Monday, July 11, 2005

Analysis Of A Media Blackout

As I mentioned a couple of weeks ago, I was curious to see whether Ed Klein's The Truth About Hillary was a.) the truth and b.) worth reading. I walked down to my local Waldenbooks, pulled a copy off the shelf, and skimmed through it. Noticing the myriad unnamed sources and loaded language, I immediately flipped to the bibliography only to find that many of his cited "sources" were other gossipy anti-Hillary books. So much for a good read. Several other bloggers like myself are staying far away from the book. As said by RedState.org writer Leon H, "I think it's telling that the right-leaning blogosphere is the most radical element of our party, and by an overwhelming majority, even we are shouting this book down."

Although the book is a loss, the MSM coverage of it is interesting. And by "interesting," I mean "nonexistent." The only thing more interesting is that Klein is getting shut out of the networks, yet his book is still in the top 5 on the Times bestseller list thanks to Drudge and several other Internet sources. This wouldn't be a big deal if Kitty Kelley (author of election-time anti-Bush hatchet job The Family) hadn't received so much coverage in comparison back in the fall. According to the Howard Kurtz-authored article linked above, Kelley was granted a three-part interview on NBC's morning news program Today, despite the fact that some of her own sources disputed the book's allegations. Kelley also got a favorable book review in the New York Times and front page coverage to boot, whereas the Times published a sidebar column in the book section on Sunday denouncing Klein's book as "easily this year's most vilified" by critics. Oddly enough, the Times have not yet published a review of their own (although it doesn't take a rocket scientist to figure out what it would be like).

This is one of the things I most dislike about bias: the double standard is applied with impunity and is obvious to almost everyone except those applying it. If Kitty Kelley gets an interview, then Ed Klein deserves one too. Also, if Kelley was ignored by a program, then Klein should also be ignored. Bill O'Reilly refused to have him on The O'Reilly Factor because he didn't invite Kelley on previously, and Joe Scarborough retracted his invitation for Klein to appear on Scarborough Country because he thought The Truth was trash. The two of them did the right thing in this case. Problem is, many others didn't do the right thing back in the fall. As Scarborough put it:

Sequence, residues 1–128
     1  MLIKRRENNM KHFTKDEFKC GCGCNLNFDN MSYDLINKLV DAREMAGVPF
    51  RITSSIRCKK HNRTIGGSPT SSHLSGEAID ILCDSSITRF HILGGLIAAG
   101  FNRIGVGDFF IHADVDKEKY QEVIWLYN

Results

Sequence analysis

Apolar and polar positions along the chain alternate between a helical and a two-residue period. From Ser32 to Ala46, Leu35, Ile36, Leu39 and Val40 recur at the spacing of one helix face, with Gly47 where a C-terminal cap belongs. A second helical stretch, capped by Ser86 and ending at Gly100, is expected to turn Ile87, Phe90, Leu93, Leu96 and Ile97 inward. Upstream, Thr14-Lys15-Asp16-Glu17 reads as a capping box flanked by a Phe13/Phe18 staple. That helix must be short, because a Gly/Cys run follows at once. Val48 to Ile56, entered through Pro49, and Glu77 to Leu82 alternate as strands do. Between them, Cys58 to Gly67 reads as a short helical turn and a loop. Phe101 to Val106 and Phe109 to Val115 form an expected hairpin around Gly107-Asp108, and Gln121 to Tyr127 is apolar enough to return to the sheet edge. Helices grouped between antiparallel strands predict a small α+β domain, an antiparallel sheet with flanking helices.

After learning the stories were inflammatory, the sources were weak, and the book's relevance was less than zero, I canceled the booking. Why? Because it was the right thing to do. But being the contrarian I am, I just wonder: If other networks aren't allowing Mr. Klein on, then why did they allow Kitty Kelley [who wrote a book on the Bush family] during the presidential election? Just curious.


The reason why they let Kelley on and not Klein is the double standard at its worst.

One other note: There has been some discussion about Hillary suing Klein for libel. I doubt that'll happen, and here's why. The ultimate defense against libel is, of course, truth. While I don't buy The Truth as being nothing but the truth, if a libel suit came up, the truths and the lies would get separated very quickly. Even if a small grain of fact exists among all of the hearsay within Klein's book, it would likely be exposed by any legal action. That exposure would hurt Hillary much worse than a book that is mostly being bought by people who already didn't like her in the first place. Unless the entire book is a load of crap (possible, but a million rumors often hold at least one truth), don't expect to see the Clinton camp do much about this in the courts.

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